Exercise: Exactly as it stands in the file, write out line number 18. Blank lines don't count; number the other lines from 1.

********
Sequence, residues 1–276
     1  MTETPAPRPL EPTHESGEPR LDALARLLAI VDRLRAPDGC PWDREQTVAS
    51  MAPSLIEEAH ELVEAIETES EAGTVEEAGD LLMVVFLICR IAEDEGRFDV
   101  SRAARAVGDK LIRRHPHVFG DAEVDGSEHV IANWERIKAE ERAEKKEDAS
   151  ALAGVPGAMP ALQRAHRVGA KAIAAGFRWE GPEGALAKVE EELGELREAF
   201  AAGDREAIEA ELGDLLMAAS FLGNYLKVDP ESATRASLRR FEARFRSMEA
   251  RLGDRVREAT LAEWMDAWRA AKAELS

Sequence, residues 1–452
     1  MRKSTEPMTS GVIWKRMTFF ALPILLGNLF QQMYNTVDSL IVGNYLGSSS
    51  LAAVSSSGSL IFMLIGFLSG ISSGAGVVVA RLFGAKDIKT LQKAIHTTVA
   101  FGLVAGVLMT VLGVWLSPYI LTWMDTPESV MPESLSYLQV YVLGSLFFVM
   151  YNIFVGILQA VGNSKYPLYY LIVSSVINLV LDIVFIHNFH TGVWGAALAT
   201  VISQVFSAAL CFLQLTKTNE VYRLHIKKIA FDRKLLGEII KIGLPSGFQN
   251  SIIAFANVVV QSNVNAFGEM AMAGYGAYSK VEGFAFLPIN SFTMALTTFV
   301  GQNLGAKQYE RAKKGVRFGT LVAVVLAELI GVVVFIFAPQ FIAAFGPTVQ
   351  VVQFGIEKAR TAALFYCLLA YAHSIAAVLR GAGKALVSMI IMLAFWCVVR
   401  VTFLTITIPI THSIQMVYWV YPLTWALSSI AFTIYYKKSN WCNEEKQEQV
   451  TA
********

   451  TA